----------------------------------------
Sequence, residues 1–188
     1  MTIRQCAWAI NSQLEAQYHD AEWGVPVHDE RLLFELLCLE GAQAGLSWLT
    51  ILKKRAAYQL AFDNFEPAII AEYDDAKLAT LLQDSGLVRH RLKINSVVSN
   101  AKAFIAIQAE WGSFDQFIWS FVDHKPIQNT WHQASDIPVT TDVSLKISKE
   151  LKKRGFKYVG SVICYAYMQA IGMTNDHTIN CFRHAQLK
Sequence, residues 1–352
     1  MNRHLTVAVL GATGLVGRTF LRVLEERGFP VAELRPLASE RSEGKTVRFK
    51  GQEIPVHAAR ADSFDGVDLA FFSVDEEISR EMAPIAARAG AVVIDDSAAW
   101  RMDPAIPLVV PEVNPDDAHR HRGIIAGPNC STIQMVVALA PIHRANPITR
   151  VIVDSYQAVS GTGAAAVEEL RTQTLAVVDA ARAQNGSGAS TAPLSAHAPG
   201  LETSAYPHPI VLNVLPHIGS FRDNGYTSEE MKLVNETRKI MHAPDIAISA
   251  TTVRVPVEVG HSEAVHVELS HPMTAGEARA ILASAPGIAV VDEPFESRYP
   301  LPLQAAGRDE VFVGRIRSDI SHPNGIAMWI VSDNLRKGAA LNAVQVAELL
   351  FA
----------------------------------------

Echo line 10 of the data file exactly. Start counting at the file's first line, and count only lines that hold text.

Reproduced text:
   151  VIVDSYQAVS GTGAAAVEEL RTQTLAVVDA ARAQNGSGAS TAPLSAHAPG